Stream of Consciousness-raising
The desert sunshine and 80 degree temperatures may seem like a gift in March, but to residents of Phoenix, they are a portent of the triple digit inferno that is July. So, faced with the opportunity to attend a conference in Vancouver, B.C., I seized winter by the coat-tails and flew with a friend to Portland, Oregon for a road-trip up the northwest coast. Vancouver’s rainy cloud-cover animated its glass and steel skyline. The 40 degree bite in the air animated us as we queued up outside the Vogue Theatre for Z-day.
Following presentations about 'job-stealing robots and robot-producing education systems,' I heard a common lament. Faced with the reality of our cultural and planetary self-destruction, why do people attack (or more often ignore) the messenger? How can we engage people who choose to ignore facts and reality?
A couple of months ago, Biological Anthropologist Terrence Deacon released his new book, Incomplete Nature. I reread his seminal Symbolic Species in anticipation. In the first chapters of Incomplete Nature, Deacon calls into question various homuncular theories including hyper-modularity and the notion of mind/brain correspondence. Pertinent to connecting with the reality-avoidant are his chapters calling into question determinism (both genetic & environmental). The problem with determinism is that it depends on something (genes or environmental cues) to influence reality. Deacon points out that the same assumption derails some theories of Emergence. That is, top down forces reining in components through the imposition of process parameters.
Deacon argues that emergence actually develops through what he labels ‘constitutive absence.’ It is not something, but the lack of something, which constrains components and component systems. Deacon uses the analogy of a wheel’s hub and the doorway in a wall – both of which are composed of strategic absences. The current United States housing market is depressed due to an absence of buyers. In a jobless recovery, the absence of employer hiring is creating foreclosures and Occupy movements.
I like the stream metaphor. Rain falls fairly evenly over a mountain, yet as gravity pulls the water to sea level its distribution skews. The soil and rock densities vary across the mountain’s surface. Cracks and less concentrated soil deposits give way to the rolling rain water, forming gullies, which concentrate water flow, creating further erosion, etc. Absence of rock and dense soil deposits facilitates the formation of pathways of erosion which we label streams. The more absence created, the stronger the stream. Residing in the Grand Canyon state gives one an appreciation for the power of absence.
Which is equally effective when applied to interpersonal communication.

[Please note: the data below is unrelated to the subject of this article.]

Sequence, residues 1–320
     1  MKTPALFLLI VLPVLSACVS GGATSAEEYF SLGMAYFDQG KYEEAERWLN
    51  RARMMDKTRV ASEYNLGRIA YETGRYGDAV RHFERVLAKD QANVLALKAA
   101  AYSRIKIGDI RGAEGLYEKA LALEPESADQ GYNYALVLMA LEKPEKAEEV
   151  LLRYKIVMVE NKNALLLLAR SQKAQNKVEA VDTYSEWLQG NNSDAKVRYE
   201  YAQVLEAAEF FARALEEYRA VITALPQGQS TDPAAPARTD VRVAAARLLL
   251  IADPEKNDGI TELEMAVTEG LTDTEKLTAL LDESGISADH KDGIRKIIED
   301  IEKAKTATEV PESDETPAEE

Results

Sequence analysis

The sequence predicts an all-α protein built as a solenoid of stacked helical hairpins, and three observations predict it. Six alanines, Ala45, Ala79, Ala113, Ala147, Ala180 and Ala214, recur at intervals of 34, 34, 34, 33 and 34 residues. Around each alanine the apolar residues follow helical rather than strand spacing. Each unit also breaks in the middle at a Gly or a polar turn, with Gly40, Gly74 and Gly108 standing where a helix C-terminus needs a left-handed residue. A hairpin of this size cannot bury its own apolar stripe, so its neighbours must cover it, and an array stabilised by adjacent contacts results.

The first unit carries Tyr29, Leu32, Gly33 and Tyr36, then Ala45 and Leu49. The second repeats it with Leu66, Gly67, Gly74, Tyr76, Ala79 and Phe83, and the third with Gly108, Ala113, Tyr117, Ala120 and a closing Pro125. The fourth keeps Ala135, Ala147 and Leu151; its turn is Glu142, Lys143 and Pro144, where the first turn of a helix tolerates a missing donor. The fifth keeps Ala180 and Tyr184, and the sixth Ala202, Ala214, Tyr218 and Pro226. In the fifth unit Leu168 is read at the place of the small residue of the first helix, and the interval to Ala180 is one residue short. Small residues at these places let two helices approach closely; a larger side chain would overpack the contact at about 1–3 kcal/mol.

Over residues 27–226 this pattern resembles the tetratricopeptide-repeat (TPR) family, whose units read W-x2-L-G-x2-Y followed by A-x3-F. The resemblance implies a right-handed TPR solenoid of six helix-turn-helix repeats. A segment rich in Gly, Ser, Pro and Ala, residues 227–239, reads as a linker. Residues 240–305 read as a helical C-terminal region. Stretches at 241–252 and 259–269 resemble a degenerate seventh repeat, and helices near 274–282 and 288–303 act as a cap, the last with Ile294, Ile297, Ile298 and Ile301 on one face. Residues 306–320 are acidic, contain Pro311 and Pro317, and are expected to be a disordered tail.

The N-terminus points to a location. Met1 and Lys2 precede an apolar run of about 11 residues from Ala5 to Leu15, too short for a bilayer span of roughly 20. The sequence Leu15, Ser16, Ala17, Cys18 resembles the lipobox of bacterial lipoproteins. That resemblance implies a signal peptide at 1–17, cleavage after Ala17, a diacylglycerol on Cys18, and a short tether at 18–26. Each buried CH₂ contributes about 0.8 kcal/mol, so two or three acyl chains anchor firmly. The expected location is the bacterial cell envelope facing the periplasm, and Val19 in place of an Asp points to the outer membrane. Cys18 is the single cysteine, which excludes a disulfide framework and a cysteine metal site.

As Deacon explains in Symbolic Species, humans have developed a unique sense of self-awareness occasioned by the use of symbolic language. All living organisms pursue physical survival. Humans are able to pursue psychological survival, as well. Confronted with ideas which threaten their psychological security, the people you converse with will employ a dazzling array of techniques to evade, ignore and attack your unwelcome information. Rather than matching them, technique for technique, step back.
What are you feeling? Irritation? Hopelessness? Bewilderment? Ask yourself why you are so passionate about spreading the word. Are you attempting to enlist other people’s support for ideas which reinforce your own psychological security? Narrowing another person’s thought repertoire to match your own is a compensatory strategy.
What connects you with all other people, all life and the ecosystem is survival, not a prescription for survival. When you speak with someone who rejects the facts related to human-induced climate change, express relief that there are no climate problems. “After all,” you could continue, “we all depend on the climate for our survival.”
Rather than convincing your fellow conversant that humans cause global warming, you have expanded the conversation space to include survival. Survival is an ultimate goal, which everyone can agree on. While your fellow conversant may deny that humans pose any threat to survival, he has now heard whatever symbols feed his sense of psychological security (his economic system, his nation, his political party) associated with the underlying goal motivating his sense of security. Repeated associations will facilitate the broadening of his concern to include survival.
Rather than attempting to convince another person of reality, be like a mountain stream and clear the way. Instead of pushing up rocks to buttress what the other person feels threatened by, expand your repartee to include what is in everyone’s interest. At Ultimativity, we label this approach Generative Expectation. Broaden the conversation space to include what is vital to everyone and everything, without attacking or prescribing. By doing so you free other people from defensive or compensatory reactions. Over time, they may even realize that the best means of pursuing their own survival is choices and actions which ensure the survival of us all.